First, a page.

Navy Federal Disaffiliates from Virginia League and CUNA
MERRIFIELD, Va. -- Navy Federal Credit Union has disaffiliated from the Virginia Credit Union League and CUNA in a principled protest over the League's chief lobbyist, Reggie Jones and the firm Williams Mullen, which also represents the Community Financial Services Association, the trade association for 60% of the country's payday lenders.
Senior Vice President of Planning for Navy Federal Ralph Yeatts confirmed the action, saying it was an evident conflict of interest to have credit unions represented in the Virginia General Assembly by the same person and firm that also forwarded the interests of payday lenders. "We see it as contradictory to share a lobbyist that puts forward the cause of payday lenders. We think it trivializes the credit union difference and demeans credit union philosophy. It's simply incompatible to be represented by a lobbyist who is also the chief spokesman for the payday lending industry."
Jones' 27-year relationship with the VCUL and efforts on behalf of the CFSA were revealed in Credit Union Times in a Sept. 19th story about Virginians Against Payday Loans (VAPL), an anti-payday lending grassroots organization that sought to combine efforts with the league.
VCUL CEO Rick Pillow said that Navy FCU President Cutler Dawson first telephoned him in mid-October to complain about the dual relationship. "I respect Cutler's principled stand on this, and know that the league's credit union members may not agree with us on every decision we make. Good people can respectfully disagree from time to time. But we have to look at the broader issues that affect all Virginia credit unions."
Pillow said the VCUL Board had taken bold steps to resolve the issue to everyone's satisfaction and he hoped that Navy would re-affiliate when those changes are made. But timing is everything. Pillow said that the General Assembly was considering several bills that were of vital interest to all the state's CUs, and in particular, state charter CUs. A pending CUSO regulation out for comment that would be problematic for CUs will have a hearing; a bill on CU's taking public deposits, another on unclaimed property and possible CU parity with banks all require the deft skill of an experienced lobbyist, he said.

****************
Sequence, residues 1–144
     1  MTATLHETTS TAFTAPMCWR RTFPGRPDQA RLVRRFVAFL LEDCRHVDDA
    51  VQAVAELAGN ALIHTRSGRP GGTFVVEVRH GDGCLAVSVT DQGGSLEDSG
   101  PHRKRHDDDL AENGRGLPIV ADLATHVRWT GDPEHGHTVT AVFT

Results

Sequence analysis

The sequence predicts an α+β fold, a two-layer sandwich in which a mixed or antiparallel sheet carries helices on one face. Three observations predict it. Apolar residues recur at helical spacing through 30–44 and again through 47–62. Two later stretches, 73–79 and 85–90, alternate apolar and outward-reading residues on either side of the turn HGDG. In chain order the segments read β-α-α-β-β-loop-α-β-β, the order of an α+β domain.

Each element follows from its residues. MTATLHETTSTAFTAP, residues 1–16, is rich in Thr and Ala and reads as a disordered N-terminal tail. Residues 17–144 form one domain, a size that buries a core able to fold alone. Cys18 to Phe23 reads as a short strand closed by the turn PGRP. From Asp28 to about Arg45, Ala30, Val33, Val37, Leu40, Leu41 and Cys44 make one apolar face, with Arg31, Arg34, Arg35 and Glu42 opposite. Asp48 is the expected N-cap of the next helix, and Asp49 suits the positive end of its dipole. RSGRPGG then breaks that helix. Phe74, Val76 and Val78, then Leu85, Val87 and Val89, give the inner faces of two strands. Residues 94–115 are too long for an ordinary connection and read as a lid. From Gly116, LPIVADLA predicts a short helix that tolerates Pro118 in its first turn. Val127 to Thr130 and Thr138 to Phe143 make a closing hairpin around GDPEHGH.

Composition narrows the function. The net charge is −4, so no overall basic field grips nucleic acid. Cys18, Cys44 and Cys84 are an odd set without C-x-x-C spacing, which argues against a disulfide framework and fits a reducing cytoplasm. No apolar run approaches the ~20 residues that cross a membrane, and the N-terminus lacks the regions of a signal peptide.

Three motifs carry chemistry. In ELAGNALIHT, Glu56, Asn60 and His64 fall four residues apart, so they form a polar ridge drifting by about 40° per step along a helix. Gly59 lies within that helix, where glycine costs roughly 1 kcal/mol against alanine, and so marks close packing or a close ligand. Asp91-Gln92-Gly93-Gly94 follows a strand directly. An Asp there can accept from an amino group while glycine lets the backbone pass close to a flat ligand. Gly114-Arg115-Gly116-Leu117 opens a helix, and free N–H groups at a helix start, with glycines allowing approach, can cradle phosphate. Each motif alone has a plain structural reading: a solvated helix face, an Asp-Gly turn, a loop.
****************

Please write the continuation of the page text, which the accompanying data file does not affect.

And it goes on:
"Our Board met on this and we had detailed discussions; in the end, we agreed we shouldn't have a lobbyist that also represents a payday lending association. We spoke with Williams Mullen about it as well. This issue will be settled right after the Assembly's 2008 veto session in April sometime and we'll make sure our lobbyist doesn't represent payday lenders. But we need to focus on these pending issues so we can't sever our relationship right now." Pillow noted that there are also contractual obligations that might complicate taking such action.
Navy's dues to the league are $24,000 and its CUNA dues are approximately $210,000, according to the formula used. A spokesman described the dues as "significant". CUNA President Dan Mica said in a statement to Credit Union Times, "We are obviously disappointed that this dispute between two of our valued members and leaders of the credit union system -- Navy Federal Credit Union and the Virginia league -- has come to this point. Both organizations have principled positions, but they disagree on how most effectively to deal with the scourge of predatory payday lending. That includes particular strategies and personnel who execute them. CUNA, and a number of other parties, have attempted to mediate these differences over the past several weeks. To date, we have been unable to find the key to resolving the issues -- but CUNA will continue to work with both parties for a solution."
"We must be clear about one thing: Predatory payday lending will never have a place within the credit union movement -- and credit unions are working together toward its eradication," Mica said. He cited the National Credit Union Foundation's REAL Solutions payday lending program. He lamented the conflict coming at a time when bankers have concluded the unification of two of their largest trade associations, while "we seem to be magnifying our differences."